Transport around Prague

Local transportation system in Prague is one of the best systems in Europe, it is highly efficient and cheap. It is served by Dopravní podnik hlavního města Prahy (website).

Tickets for public transportation network permit you to travel on trams, buses, the metro, and the funicular from Újezd to the Petřín Hill. They are valid for a set period of time and they permit you to transfer between the four means of public transport. They are sold at newsagents, in metro station and in machines located in all metro stations and at some of the tram and bus stops. The fares are summarized in the following table:



Older children (10 – 15 yrs, must carry photo ID) & Seniors (65 – 70 yrs)

Young Children (0 – 9 yrs, 6yrs+ must carry photo ID) & Seniors 70+

Single ticket (90 mins)

Single ticket (30 mins)

1-Day Pass (24 hrs)

3-Day Pass (72 hrs)

32 CZK

24 CZK

110 CZK

310 CZK

16 CZK

12 CZK

55 CZK






Orientation plans of public transport in Prague are to be found here.



The Prague Metro operates daily from 05:00 until 24:00. During peak hours the trains leave every 2 – 3 minutes, or 4 – 9 minutes any other day time. There are three metro lines: A (green), B (yellow), and C (red).


Daytime trams operate from 04:30 to 24:00. The backbone tramway lines run every 4 minutes, others every 8 – 10 minutes during weekdays. The intervals get even longer in evenings (up to 20 minutes). Night trams run nightly from 24:00 to 04:30. The trams are numbered from 51 to 59 and the intervals between individual trams are 30 minutes. All night trams run through Lazarská stop in the centre.


They serve the whole metropolitan area, mainly the greater centre and peripheral districts. Daytime buses operate from 05:00 until midnight and they are numbered from 100 to 297. Night buses operate from 24:00 to 04:00 and they are numbered from 501 to 515.


The funicular railway runs from Újezd in the Lesser Town to the top of the Petřín Hill. In March, it operates from 09:00 to 23:30 every 15 minutes. The upper station of the funicular is in the vicinity of landscaped gardens, Petřín Observation Tower, a mirror maze, and an observatory.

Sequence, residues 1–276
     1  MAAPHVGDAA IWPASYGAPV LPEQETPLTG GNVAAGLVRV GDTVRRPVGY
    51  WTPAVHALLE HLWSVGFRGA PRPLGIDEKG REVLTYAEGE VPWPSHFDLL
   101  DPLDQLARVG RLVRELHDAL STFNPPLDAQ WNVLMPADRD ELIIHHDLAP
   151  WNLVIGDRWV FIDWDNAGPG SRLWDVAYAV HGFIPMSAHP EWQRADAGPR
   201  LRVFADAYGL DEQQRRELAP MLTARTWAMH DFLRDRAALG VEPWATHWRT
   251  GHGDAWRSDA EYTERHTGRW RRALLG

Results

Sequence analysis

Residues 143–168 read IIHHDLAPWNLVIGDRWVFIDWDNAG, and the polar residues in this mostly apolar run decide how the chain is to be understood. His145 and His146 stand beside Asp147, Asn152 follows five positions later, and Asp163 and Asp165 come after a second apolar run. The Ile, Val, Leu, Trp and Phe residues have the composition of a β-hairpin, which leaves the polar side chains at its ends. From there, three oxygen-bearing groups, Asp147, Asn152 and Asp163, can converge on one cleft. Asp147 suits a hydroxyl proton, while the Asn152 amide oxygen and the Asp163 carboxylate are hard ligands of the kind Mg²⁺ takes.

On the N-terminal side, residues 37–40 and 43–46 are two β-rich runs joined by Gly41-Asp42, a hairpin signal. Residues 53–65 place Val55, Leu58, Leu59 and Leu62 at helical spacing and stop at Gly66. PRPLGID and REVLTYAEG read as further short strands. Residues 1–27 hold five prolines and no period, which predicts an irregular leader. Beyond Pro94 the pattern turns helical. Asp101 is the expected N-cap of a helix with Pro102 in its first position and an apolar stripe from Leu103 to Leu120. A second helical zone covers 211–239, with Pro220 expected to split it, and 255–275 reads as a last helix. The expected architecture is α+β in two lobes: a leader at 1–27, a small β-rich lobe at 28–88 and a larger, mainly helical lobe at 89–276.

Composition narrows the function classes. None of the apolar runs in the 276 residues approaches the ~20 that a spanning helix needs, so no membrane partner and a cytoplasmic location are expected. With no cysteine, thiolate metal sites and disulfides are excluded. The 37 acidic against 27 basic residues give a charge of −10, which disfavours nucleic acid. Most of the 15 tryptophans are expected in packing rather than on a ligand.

Money exchange

The official currency in the Czech Republic is Czech crown or koruna in Czech (Kč or CZK). It is divided into 100 hellers (haléře). Even though prices in shops still include them, the coins are no longer used and the final sum of prices is rounded up or down before the payment is made.

As the exchange rate of CZK is tightly bound to EUR, it fluctuates around 27 CZK for 1 EUR. 1 GBP costs approximately 32 CZK and for 1 USD you would receive roughly 24 CZK. There are plenty of places where exchange of money is possible. Banks are the safest, however they charge a fee, typically 50 CZK or 2% of the exchanged amount of money. Also, banks typically exchange only euros, dollars, and pounds. There is also a plenty of exchange offices in the centre, esp. around the Old Town Square, which in addition to EUR, GBP, and USD, exchange also other currencies and without commission. Unlike banks, they are open till later evening hours, nevertheless, the exchange rate might be less favourable.

There is a considerable number of businesses accepting credit card payments (esp. MasterCard and Visa). Contactless credit cards are used in the Czech Republic so they are widely accepted by merchants and other businesses (esp. by the bigger ones).

There is also a plenty of cash machines. They can be found basically everywhere: airports, stations, shopping centres, city centre, etc.


Useful links


Travelling To Prague




Travelling around Prague

Tourist information

Ministry of Foreign  Affairs of the CR


Václav Havel International Airport

Bus terminal Praha Florenc

Main train station

Timetables and connections

Prague City Line

Prague City Tourism

Weather Forecast

InYourPocket Guide